With a final Efficiency Lab conference held and four completed efficiency pilots, the Efficiency Lab ends its work with a collection of all the lessons learned. For two years the Lab dived into the question of how to analyse the efficiency of development interventions. Can the same be achieved with less resources? Or can more be achieved with the same resources? In other words, are the costs of an intervention proportionate to the outcomes and impact of that intervention? With this final work of the Efficiency Lab, you are enlightened with answers to these questions, the identified challenges, recommendations to these challenges and methods that can be used to analyse the efficiency of development interventions.
Establishment of the Efficiency Lab
The Efficiency Lab is an initiative of several member organisations of Partos implemented in the framework of The Spindle. It was established in April 2017, in response to the finding from the MFS II evaluation that development organisations, evaluators and practitioners struggle with the concept of efficiency. Often it seems that in development projects the efficiency question is not addressed adequately. The report noted that the evaluated projects had either not collected relevant data on this topic, and/or rarely analysed the efficiency of their interventions. In their recommendations, the evaluators challenged NGOs and other actors to take steps to address this gap by paying more attention to efficiency in their interventions.
3 x the Efficiency Lab Conference
The nine members of Partos that participated in the Efficiency Lab decided to take on the efficiency challenge. The lab was supported by a panel of experts, namely: Markus Palenberg (The Institute for Development Strategy in Munich, Germany), Pol de Greve (Context, international cooperation) and Antonie de Kemp (Ministry of Foreign Affairs, IOB). Together they convened three conferences:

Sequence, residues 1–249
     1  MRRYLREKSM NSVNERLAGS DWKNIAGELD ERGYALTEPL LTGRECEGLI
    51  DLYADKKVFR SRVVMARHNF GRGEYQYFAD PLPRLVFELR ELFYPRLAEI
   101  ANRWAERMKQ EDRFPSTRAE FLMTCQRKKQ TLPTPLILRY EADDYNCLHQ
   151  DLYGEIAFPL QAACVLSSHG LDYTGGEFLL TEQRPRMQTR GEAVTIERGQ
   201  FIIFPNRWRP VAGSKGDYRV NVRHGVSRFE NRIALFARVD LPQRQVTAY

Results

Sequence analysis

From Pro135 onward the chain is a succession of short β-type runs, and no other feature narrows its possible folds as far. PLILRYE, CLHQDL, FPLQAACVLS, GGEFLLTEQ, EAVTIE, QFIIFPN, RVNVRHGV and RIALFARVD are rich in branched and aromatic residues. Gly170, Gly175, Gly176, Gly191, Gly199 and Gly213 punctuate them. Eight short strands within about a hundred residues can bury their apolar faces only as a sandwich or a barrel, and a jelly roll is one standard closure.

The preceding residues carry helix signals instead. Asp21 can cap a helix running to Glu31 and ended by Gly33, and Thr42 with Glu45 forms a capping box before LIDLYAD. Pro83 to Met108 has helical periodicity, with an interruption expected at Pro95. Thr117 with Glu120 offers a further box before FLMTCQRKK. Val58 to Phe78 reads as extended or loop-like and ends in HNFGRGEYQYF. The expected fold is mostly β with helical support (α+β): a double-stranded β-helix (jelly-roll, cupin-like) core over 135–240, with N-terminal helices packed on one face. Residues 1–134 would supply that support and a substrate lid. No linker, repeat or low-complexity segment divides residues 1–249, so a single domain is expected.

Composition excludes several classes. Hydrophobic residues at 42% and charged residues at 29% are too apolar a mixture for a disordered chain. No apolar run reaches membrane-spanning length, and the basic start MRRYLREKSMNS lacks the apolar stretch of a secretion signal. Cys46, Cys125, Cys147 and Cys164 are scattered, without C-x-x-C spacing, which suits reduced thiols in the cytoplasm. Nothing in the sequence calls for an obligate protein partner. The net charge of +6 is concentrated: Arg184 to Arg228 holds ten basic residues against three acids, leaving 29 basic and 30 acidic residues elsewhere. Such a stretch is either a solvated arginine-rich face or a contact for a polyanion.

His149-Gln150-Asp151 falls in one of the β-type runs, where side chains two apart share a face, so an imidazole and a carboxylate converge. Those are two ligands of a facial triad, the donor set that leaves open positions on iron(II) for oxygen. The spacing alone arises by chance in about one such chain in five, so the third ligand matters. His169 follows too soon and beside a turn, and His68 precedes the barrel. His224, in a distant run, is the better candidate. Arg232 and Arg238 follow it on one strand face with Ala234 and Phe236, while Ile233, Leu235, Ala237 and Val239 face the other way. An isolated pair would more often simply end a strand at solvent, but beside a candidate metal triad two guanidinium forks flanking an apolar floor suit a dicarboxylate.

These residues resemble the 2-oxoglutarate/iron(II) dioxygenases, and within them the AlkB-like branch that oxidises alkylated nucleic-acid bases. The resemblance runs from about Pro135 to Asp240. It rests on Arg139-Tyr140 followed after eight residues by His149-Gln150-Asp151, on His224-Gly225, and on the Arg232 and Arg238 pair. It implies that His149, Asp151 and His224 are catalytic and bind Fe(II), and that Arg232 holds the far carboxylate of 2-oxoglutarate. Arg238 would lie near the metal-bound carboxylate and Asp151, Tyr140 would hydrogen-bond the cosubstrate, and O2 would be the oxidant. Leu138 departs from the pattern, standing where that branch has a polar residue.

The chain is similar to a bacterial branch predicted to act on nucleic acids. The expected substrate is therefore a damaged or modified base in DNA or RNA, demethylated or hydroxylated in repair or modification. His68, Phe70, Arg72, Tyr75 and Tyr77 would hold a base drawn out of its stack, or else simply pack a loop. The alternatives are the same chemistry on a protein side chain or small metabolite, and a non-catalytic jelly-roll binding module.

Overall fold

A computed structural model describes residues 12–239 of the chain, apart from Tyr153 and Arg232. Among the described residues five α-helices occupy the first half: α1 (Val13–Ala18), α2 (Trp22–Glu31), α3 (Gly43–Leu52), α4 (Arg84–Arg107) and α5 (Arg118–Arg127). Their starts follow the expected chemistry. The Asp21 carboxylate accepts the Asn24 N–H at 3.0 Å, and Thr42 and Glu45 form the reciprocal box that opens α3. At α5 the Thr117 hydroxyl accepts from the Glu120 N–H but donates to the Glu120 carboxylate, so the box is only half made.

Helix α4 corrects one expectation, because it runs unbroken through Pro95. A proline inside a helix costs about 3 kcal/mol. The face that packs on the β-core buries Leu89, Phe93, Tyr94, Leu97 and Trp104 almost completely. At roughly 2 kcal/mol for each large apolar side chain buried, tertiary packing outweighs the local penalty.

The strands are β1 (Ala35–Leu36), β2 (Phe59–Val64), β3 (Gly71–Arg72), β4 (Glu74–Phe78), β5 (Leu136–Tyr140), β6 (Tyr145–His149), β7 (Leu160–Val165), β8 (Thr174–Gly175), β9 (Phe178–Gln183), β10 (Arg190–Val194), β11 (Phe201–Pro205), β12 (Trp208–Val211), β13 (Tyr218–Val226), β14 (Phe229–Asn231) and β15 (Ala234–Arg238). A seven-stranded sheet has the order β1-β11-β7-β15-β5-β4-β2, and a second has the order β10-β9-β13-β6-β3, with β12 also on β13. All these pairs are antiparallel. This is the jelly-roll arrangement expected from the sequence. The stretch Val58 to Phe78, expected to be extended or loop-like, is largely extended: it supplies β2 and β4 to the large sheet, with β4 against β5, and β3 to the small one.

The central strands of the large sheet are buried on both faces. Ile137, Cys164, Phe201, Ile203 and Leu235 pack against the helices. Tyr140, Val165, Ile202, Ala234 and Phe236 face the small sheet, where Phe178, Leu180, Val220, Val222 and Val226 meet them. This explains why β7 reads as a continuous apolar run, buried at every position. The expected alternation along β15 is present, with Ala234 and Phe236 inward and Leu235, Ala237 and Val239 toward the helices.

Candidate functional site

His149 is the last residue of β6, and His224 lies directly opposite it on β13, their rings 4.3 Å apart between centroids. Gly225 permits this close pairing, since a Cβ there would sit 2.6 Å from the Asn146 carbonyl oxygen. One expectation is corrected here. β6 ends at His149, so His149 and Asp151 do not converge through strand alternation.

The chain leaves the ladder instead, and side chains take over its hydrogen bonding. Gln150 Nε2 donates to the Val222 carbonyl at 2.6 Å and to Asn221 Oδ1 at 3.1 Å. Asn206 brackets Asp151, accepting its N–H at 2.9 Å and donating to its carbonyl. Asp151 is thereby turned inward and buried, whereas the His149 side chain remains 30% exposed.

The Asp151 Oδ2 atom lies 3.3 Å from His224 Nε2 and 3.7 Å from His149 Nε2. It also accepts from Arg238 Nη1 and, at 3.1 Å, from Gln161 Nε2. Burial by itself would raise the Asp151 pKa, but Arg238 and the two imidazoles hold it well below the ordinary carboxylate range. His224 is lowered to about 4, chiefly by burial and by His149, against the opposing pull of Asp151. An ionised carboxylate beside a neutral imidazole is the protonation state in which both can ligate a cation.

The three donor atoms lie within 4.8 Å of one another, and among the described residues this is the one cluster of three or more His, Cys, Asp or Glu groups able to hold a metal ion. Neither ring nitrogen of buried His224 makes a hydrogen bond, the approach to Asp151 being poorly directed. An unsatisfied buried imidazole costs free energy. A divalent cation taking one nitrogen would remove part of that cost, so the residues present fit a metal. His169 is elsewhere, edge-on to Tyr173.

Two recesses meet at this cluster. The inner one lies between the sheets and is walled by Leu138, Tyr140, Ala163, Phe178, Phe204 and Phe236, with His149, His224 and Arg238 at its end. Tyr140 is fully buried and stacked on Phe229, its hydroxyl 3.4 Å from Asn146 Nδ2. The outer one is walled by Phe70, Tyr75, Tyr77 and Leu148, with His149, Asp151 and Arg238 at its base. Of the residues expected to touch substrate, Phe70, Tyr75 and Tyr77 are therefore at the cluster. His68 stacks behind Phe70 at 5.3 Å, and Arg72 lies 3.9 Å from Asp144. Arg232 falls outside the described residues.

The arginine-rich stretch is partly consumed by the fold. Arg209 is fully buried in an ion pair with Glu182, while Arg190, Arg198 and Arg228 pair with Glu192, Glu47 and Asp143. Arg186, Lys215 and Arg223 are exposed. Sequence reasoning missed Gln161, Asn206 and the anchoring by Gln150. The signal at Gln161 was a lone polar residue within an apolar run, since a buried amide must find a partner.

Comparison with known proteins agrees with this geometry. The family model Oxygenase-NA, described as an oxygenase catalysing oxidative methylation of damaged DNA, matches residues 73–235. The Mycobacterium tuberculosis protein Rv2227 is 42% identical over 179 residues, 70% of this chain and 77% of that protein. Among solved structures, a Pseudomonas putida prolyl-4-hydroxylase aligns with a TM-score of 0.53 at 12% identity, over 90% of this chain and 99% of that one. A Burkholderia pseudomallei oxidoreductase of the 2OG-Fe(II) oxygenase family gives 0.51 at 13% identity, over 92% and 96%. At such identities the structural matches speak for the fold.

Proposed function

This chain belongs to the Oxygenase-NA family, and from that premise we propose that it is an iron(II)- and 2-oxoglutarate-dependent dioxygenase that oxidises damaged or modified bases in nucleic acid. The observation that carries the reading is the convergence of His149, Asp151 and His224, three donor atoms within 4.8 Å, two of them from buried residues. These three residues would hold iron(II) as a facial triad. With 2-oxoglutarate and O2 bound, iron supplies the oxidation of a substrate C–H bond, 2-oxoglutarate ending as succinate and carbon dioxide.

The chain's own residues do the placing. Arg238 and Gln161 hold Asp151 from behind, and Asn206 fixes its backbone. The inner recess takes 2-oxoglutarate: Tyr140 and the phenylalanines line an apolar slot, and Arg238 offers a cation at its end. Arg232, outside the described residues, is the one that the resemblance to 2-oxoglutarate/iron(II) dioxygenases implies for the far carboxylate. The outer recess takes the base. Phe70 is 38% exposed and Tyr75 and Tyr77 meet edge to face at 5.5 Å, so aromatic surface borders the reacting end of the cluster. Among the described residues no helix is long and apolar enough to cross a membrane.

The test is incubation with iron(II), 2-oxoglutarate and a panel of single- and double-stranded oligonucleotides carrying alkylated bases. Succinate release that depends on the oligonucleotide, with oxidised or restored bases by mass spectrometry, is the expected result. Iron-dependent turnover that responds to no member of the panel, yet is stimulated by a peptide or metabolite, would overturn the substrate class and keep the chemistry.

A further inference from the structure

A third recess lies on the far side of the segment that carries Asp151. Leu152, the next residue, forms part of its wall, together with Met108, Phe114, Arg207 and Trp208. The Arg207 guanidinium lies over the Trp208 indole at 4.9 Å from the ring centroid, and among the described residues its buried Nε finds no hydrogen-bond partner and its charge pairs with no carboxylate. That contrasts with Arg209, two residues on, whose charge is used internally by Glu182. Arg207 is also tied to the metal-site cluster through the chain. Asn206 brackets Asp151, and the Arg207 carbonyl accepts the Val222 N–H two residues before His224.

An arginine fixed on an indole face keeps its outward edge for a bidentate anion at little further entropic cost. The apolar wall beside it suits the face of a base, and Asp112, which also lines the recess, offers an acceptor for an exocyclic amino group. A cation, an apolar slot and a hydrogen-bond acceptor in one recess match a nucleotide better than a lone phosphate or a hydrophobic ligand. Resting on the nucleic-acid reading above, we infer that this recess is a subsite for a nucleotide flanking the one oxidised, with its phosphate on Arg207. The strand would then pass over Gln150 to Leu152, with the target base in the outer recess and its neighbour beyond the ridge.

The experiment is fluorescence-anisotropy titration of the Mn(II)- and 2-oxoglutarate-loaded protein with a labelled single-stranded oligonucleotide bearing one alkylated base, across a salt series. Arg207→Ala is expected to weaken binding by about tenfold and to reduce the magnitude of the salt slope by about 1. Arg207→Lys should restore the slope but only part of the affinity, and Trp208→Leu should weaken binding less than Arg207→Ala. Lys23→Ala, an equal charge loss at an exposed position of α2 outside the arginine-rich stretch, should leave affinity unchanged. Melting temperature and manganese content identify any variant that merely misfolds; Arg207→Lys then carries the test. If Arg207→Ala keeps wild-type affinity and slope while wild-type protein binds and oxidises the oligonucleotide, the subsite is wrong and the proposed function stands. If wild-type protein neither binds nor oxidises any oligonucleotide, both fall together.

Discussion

- 1st Efficiency Lab Conference, November 2017
The panel of experts presented their views on why the efficiency question is rarely addressed in a satisfying way, and what can be done to overcome this problem. They presented recommendations on how to assess efficiency for a sample of ten projects representing common development interventions.
- 2nd Efficiency Lab Conference, June 2018
Markus Palenberg and Pol de Greve presented a set of methods and tools that can be used to analyse the efficiency of development interventions. After the conference, four Partos members (Woord en Daad, Aflatoun, Simavi and War Child) conducted pilot studies, applying a selection of these methods to their own practice. Their staff were also trained in the application of these methods.
- 3rd Efficiency Lab Conference, May 2019
This final conference discussed the findings of the pilot studies and took stock of lessons learned by The Lab. Drawing on these lessons, participants explored some implications for upcoming evaluations of ongoing Dutch government-funded programmes in the framework of “Dialogue and Dissent,”4 the successor to MFSII (these programmes are currently subject to a mid-term review and efficiency is one of the aspects looked into).
A guide to analysing the efficiency of development interventions
With this final work of the Efficiency Lab, you are enlightened with a guide that contains an overview of the main findings and lessons learned over the course of this project. What are the main challenges that practitioners encounter when trying to incorporate an efficiency perspective? What are the identified recommendations to address these challenges? And what are methods that can be used to analyse the efficiency of development interventions? You’ll find the answers to these questions in our newest publication! Hopefully, it helps you and your organisation to improve the performance in analysing efficiency.